Sox accomplish the unthinkable

NEW YORK -- Someday, we may appreciate what just happened over the past four days. Right now, however, "I'm finding myself just wondering what day of the week this is,'' Yankees general manager Brian Cashman said.

Whatever day this is, it's probably not going to be very pleasant for Cashman. It won't be easy explaining to George Steinbrenner how the Yankees just became the first team in baseball history to blow a 3-0 lead in a postseason series -- and worse, to blow it to the Red Sox. Heck, it's difficult enough explaining it without having a maniacal owner yelling in your face and threatening that you'll never work in this business again.

Forget about the Red Sox long tale of woe. Forget the Boston-New York rivalry. Forget the decades of emotions and history that went into this series. Simply focus on the incredible fact that a baseball team just rallied from an 3-0 deficit to reach the World Series.

People always said that some year, a team would come back from being down three games to none. But they said it the same way they say there may be life on other planets, that Bigfoot exists and that the Cubs may get to the World Series. You leave it out there as a possibility, but you never really believe it.

Why would you? Baseball had played 100 previous postseasons heading into this October. In those, there had been 136 best-of-seven (or longer) series. And not only had no team ever come back to win the series after losing the first three games, none had even forced a seventh game. Only the 1999 Mets forced a sixth game. Only five teams before the Red Sox even forced a fifth game.

And then the Red Sox beat the Yankees four consecutive games.

"I know the city of Boston appreciates how hard this was,'' Game 7 winner Derek Lowe said, "because this was the best team in baseball for a lot of years and we had just lost by 11 runs to come back.''

The Red Sox did it despite suffering one of the worst defeats in postseason history when they allowed 19 runs in Game 3. They did it despite having to rally from a two-run deficit in Game 4 and a one-run deficit in Game 5. They did it despite having to face the greatest closer in postseason history, Mariano Rivera. They did it despite having to win the final two games on the road in Yankee Stadium. They did it despite not getting a single RBI from Manny Ramirez the entire series.

"We knew we had to win Game 4, not because it was an elimination game but because winning it would put the ball in Pedro's hand for Game 5,'' first baseman Kevin Millar said. "And that would get the ball to Curt for Game 6. And then it would be Game 7 and anything can happen.''

Well, that makes it sound simple but it wasn't. In fact, the way the Red Sox rallied helps explain why we had never seen a team do it before. To do so requires you to pull out all stops and play every game as if it is the last, burning through so many pitchers that each victory almost makes the next one even more difficult.

Forget about Curt Schilling's Game 6 start with the sutured tendons; the rest of the staff was also supremely challenged. The Red Sox had to use three of their starters in relief in Game 5 and two in Games 6 and 7. They had to start Lowe on two days' rest in Game 7. They had to use Pedro Martinez on one day rest in Game 7. They had to use Bronson Arroyo on one day rest in Game 5 and on no days rest in Game 6. They had to use closer Keith Foulke for 2 2/3 innings in Game 4, then use him for 1 1/3 innings the next day and for one inning the next day in Game 6 (he threw 100 pitches combined in the three games).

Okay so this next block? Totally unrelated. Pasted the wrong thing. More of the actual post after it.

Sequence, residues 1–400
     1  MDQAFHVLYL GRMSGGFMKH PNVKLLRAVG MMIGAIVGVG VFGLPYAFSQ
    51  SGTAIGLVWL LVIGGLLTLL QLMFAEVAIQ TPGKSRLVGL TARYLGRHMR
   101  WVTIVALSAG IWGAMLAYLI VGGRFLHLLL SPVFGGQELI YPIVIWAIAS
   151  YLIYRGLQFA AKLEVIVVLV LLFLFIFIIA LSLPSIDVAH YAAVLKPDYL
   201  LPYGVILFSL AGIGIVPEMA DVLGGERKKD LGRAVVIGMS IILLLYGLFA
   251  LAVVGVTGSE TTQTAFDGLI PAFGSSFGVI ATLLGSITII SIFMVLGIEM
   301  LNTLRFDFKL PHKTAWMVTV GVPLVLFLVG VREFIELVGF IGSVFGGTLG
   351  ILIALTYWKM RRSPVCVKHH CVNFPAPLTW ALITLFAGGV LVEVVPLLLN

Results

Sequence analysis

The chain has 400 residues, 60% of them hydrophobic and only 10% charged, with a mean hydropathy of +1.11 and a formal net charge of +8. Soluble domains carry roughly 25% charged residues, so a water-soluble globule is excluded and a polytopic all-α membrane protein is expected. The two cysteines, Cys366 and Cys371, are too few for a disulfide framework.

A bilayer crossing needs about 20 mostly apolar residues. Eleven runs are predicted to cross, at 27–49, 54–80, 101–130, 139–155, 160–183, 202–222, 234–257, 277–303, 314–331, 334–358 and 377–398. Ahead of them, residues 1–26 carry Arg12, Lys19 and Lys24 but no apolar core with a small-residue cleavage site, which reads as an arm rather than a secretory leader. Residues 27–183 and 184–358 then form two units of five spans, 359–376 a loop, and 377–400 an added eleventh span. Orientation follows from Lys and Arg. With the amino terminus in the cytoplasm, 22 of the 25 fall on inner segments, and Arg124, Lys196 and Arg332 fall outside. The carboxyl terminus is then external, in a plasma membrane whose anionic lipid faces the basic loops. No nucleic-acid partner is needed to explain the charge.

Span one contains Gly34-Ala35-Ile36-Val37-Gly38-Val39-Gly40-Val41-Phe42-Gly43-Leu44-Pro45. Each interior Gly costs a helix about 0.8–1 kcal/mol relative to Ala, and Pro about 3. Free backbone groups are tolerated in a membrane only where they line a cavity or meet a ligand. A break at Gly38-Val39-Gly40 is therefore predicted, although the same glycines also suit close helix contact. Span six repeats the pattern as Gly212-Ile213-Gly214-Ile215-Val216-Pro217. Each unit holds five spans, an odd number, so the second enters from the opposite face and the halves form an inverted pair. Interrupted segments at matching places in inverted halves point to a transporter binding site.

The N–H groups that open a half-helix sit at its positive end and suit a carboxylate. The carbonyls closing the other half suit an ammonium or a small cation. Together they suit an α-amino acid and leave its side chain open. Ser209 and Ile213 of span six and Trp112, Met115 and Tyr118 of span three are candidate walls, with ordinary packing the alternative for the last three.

"They weren't only willing to go out there on fumes, they were able to get people out,'' manager Terry Francona said. "We're not here celebrating if they don't get some people out.''

They did. After the Red Sox bullpen allowed 17 runs in seven innings in Game 4, the relievers allowed two runs the next 18.

And while the pitchers were doing their job, the batters had to remain focused on theirs, not giving in to the incredible odds they faced, instead being patient with each at-bat, working the count, settling for singles, going the opposite way, never trying to do end the game with one swing. In short, they had to do everything the Yankees hitters did not once Boston's comeback began.

Millar, for instance, started the key ninth inning rally in Game 4 by leading off the ninth with a humble walk off Rivera. Then pinch-runner Dave Roberts stole second (after nearly getting picked off) to put the tying run in scoring position for Bill Mueller, who singled him home.

"I think that was the biggest play of the series, Roberts' stolen base,'' Lowe said. "It got us an opportunity to get to Rivera.''

By pushing Games 4 and 5 into nine extra innings, the Red Sox also were able to wear out the Yankees' pitching staff, setting up a seventh game when New York was forced to use several pitchers who simply weren't up to the task of shutting down Boston's lineup. Kevin Brown didn't make it through the second inning, Javier Vasquez gave up a grand slam on his first pitch and the Red Sox broke to a comfortable 6-0 lead that made things easier for Lowe.

After that, the only thing Boston needed was David Ortiz swinging the bat so well that Wilford Brimley should have been his manager, Mark Bellhorn slipping a three-run homer just over the right-field fence, Johnny Damon finally breaking out of his slump to become the first player other than Yogi Berra to homer twice in a seventh game and ... well, you get the point.

The Red Sox just became the first team in baseball history to rally from a 3-0 deficit in the postseason. And after watching how difficult it was, don't expect it to happen again for another century.

Jim Caple is a senior writer for ESPN.com.